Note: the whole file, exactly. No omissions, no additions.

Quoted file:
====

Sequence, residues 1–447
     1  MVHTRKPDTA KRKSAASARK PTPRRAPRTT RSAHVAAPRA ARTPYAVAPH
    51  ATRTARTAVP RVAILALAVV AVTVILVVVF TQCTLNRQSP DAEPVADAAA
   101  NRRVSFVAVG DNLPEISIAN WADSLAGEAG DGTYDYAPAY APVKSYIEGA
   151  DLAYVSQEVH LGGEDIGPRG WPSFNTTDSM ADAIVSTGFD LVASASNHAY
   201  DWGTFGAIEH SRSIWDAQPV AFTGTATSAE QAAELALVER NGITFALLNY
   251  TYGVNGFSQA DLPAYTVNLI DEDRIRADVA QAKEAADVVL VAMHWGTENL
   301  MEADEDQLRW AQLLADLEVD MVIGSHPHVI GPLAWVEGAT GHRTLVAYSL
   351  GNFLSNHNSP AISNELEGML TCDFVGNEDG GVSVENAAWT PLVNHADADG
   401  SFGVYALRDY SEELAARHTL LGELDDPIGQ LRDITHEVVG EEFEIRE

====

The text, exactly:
Sequence, residues 1–447
     1  MVHTRKPDTA KRKSAASARK PTPRRAPRTT RSAHVAAPRA ARTPYAVAPH
    51  ATRTARTAVP RVAILALAVV AVTVILVVVF TQCTLNRQSP DAEPVADAAA
   101  NRRVSFVAVG DNLPEISIAN WADSLAGEAG DGTYDYAPAY APVKSYIEGA
   151  DLAYVSQEVH LGGEDIGPRG WPSFNTTDSM ADAIVSTGFD LVASASNHAY
   201  DWGTFGAIEH SRSIWDAQPV AFTGTATSAE QAAELALVER NGITFALLNY
   251  TYGVNGFSQA DLPAYTVNLI DEDRIRADVA QAKEAADVVL VAMHWGTENL
   301  MEADEDQLRW AQLLADLEVD MVIGSHPHVI GPLAWVEGAT GHRTLVAYSL
   351  GNFLSNHNSP AISNELEGML TCDFVGNEDG GVSVENAAWT PLVNHADADG
   401  SFGVYALRDY SEELAARHTL LGELDDPIGQ LRDITHEVVG EEFEIRE